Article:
Windstream's business services remain flat, but IP-based data grows 3 percent to $414M
Windstream reported that its business service segment revenues remained flat year-over-year at $748 million, but the company is confident that a new marketing program and pricing initiatives will drive improved business revenue trends.
During the quarter, the service provider implemented new initiatives to enhance business sales and productivity and launched an expanded advertising campaign to increase brand awareness and highlight its integrated value proposition and customized service.
"In the business channel, we augmented in our marketing programs to strengthen sales and are seeing positive trends supporting our efforts to move up-market including 3 percent growth in enterprise customer locations and 8 percent growth in average revenue per business customer," said Jeff Gardner, CEO of Windstream, during the earnings call.
Due to the sales of IP-based data and next-gen services, data and integrated services revenues grew 3 percent in the first quarter of 2014 to $414 million. Meanwhile, data center and managed services revenues, which total approximately $30 million, increased 23 percent from the same period a year ago.
The company's enterprise customer locations grew 3 percent from the same period a year ago, while average revenue per business customer increased 8 percent year-over-year.
Similar to its peers CenturyLink (NYSE: CTL) and Verizon (NYSE: VZ), the near-term growing pains of its wireless operator customers migrating off of legacy copper-based circuits and related network transport grooming drove down carrier revenue 3 percent to $162 million. However, the overall decline was partially offset by fiber to the tower revenue growth. During the quarter, Windstream deployed fiber to 95 towers, bringing the total number of towers completed to almost 4,600, with another 300 under construction.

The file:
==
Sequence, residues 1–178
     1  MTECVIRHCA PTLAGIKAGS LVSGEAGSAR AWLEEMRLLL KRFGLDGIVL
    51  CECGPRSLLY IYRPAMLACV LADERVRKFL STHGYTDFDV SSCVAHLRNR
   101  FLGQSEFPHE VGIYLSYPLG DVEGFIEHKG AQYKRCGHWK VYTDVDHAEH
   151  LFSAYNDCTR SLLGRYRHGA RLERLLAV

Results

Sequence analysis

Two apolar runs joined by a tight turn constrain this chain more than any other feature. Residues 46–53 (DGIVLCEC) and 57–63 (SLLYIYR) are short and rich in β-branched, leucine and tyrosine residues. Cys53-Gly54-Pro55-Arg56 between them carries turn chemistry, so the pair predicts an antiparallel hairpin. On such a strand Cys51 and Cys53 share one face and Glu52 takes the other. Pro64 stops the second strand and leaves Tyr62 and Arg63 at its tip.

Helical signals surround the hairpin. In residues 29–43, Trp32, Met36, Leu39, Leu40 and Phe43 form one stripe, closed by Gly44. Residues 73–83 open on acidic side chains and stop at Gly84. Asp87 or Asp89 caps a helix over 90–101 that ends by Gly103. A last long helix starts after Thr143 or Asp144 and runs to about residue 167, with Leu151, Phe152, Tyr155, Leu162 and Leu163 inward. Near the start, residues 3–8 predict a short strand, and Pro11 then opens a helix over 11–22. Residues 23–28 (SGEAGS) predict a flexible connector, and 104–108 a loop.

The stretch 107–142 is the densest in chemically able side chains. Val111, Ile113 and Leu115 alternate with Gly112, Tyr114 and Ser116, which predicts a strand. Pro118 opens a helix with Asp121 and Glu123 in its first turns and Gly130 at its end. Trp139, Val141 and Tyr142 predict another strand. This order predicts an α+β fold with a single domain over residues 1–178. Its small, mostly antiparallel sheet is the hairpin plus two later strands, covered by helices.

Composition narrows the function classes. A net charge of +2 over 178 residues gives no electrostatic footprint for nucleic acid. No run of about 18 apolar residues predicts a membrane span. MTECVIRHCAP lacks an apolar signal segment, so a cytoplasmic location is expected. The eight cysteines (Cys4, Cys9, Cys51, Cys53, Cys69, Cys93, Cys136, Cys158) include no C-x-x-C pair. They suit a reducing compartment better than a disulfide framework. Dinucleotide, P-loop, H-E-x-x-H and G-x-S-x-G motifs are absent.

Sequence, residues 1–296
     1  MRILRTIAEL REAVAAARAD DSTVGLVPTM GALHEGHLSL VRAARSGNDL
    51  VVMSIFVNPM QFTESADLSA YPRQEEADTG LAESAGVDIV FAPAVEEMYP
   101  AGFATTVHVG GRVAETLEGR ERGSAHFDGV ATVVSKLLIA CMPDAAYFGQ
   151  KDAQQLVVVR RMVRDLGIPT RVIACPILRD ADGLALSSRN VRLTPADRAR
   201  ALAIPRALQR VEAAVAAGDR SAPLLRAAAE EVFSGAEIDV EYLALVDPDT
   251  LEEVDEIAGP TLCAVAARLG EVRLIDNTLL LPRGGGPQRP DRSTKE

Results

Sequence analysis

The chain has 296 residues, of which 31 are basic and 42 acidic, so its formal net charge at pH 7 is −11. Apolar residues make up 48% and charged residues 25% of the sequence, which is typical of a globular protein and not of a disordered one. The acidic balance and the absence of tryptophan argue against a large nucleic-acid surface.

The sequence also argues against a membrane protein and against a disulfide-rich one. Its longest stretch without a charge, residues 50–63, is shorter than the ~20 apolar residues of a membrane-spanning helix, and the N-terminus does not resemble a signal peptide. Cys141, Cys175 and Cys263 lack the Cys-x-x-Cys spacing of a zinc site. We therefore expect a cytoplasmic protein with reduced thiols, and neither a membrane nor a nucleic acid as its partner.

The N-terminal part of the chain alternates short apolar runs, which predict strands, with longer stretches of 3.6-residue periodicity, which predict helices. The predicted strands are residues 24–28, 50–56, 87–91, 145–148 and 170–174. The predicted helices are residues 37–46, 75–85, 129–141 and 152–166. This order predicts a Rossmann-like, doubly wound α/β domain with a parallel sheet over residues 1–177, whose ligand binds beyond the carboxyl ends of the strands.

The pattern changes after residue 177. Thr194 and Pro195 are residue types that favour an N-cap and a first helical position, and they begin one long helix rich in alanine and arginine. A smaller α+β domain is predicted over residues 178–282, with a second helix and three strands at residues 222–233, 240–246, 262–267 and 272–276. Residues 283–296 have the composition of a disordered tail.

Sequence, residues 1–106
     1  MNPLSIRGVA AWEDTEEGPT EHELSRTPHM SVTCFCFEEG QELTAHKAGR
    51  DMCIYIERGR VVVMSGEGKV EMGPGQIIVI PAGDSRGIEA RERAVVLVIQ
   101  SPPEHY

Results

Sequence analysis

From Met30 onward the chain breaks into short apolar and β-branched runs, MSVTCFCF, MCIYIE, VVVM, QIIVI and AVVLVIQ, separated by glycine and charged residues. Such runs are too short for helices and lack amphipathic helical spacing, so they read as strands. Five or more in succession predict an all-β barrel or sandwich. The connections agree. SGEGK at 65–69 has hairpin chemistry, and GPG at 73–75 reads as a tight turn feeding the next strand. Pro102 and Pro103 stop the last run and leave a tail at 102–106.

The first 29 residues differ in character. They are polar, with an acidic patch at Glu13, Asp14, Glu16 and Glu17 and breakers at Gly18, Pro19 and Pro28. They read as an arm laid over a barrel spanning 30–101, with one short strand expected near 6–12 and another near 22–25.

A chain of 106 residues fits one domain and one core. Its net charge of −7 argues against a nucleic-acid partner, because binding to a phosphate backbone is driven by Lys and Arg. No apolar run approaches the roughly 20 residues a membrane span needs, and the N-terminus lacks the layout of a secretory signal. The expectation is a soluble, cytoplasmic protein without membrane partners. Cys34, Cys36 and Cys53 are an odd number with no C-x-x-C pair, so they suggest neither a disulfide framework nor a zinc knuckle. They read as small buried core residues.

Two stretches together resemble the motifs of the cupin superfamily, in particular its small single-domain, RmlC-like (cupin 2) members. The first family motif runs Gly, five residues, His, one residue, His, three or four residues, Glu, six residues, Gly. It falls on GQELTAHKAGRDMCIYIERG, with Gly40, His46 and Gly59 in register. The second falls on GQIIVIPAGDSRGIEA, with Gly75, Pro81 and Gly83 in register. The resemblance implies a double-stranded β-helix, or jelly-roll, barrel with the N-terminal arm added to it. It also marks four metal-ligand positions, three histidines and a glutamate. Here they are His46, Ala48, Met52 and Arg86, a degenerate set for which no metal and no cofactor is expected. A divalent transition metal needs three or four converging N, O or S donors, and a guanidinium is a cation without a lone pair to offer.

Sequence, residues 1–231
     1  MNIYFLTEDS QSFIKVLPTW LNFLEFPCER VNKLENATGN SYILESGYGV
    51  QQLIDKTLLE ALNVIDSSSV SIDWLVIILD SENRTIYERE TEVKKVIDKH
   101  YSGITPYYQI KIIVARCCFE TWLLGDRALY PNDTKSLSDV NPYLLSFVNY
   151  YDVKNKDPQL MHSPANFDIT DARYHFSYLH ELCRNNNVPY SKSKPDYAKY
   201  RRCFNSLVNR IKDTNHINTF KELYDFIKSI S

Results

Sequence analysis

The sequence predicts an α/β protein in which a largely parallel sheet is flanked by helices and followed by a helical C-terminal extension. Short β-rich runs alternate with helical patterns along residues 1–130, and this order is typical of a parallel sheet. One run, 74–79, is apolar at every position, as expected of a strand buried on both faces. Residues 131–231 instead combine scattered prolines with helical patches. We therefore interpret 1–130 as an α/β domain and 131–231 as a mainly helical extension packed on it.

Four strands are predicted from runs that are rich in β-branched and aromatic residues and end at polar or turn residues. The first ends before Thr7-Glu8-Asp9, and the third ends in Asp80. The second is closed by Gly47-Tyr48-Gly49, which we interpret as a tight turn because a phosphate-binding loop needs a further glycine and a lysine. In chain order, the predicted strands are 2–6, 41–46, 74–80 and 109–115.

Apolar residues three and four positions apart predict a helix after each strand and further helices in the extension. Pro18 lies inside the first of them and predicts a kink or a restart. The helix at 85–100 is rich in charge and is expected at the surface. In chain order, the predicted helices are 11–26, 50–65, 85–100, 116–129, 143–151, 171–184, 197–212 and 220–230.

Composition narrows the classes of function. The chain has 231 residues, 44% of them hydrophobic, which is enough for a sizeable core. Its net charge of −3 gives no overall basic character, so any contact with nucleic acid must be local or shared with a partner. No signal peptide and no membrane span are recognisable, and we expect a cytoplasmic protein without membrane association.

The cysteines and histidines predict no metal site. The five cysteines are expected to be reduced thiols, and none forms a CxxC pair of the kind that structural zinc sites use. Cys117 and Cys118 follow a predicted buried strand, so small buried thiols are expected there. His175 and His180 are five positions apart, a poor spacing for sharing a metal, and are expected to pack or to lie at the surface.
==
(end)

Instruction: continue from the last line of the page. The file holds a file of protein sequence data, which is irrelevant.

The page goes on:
Wholesale revenues in the first quarter were $142 million, down 7 percent from the same period a year ago primarily due to a decline in switched access revenue from lower intrastate access rates and fewer minutes of use.
And while many industry watchers are anticipating a slowdown in the fiber to the tower opportunity, Windstream says it sees existing customers purchasing more bandwidth at existing sites.
"As we look beyond 2014, we're very optimistic about our fiber-to-the-tower investments," said Tony Thomas, CFO of Windstream. "We're seeing very good demand from our wireless partners" and probably two-thirds are buying a 100 meg service, with an opportunity for the fatter pipes "to go all the way to 300 meg, so lot of revenue growth opportunities left in that fiber-to-the-tower investment."
Besides carrier and business services, Windstream reported that consumer broadband service revenues rose 2 percent year-over-year to $120 million. However, broadband subscriber additions were essentially flat, representing what Windstream was the best performance in the last six quarters. Overall consumer service revenues in the first quarter were $313 million, a decrease of 4 percent from the same period a year ago.
Gardner said that consumer channel growth was "driven by an increased focused on marketing and sales, as well as network enhancements and expansion."
He added that the telco has also built a foundation for future broadband growth thanks to the broadband stimulus funding it received to bring service to harder-to-reach rural areas.
"Broadband is now available to roughly 27,000 new homes as part of the broadband stimulus project," Gardner said. "We expect to substantially complete the stimulus buildout this year, reaching a total of 75,000 homes, which should provide additional opportunities for unit and revenue growth."
Overall first-quarter revenues were $1.5 billion in the first quarter, down 2 percent from the same period a year ago.
Shares of Windstream closed on Thursday at $9.03, down 7 cents or .77 percent, on the Nasdaq stock exchange.
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